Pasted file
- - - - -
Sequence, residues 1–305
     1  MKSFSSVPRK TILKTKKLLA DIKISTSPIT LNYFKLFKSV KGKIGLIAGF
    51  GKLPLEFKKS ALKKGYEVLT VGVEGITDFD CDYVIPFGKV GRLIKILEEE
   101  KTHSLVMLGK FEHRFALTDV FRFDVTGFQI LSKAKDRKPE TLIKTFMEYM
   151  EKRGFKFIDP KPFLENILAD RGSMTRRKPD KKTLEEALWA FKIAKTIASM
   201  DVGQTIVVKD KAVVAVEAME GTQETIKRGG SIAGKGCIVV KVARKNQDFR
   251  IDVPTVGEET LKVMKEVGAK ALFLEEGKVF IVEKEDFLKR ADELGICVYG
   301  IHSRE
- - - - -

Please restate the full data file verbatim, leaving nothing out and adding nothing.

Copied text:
Sequence, residues 1–305
     1  MKSFSSVPRK TILKTKKLLA DIKISTSPIT LNYFKLFKSV KGKIGLIAGF
    51  GKLPLEFKKS ALKKGYEVLT VGVEGITDFD CDYVIPFGKV GRLIKILEEE
   101  KTHSLVMLGK FEHRFALTDV FRFDVTGFQI LSKAKDRKPE TLIKTFMEYM
   151  EKRGFKFIDP KPFLENILAD RGSMTRRKPD KKTLEEALWA FKIAKTIASM
   201  DVGQTIVVKD KAVVAVEAME GTQETIKRGG SIAGKGCIVV KVARKNQDFR
   251  IDVPTVGEET LKVMKEVGAK ALFLEEGKVF IVEKEDFLKR ADELGICVYG
   301  IHSRE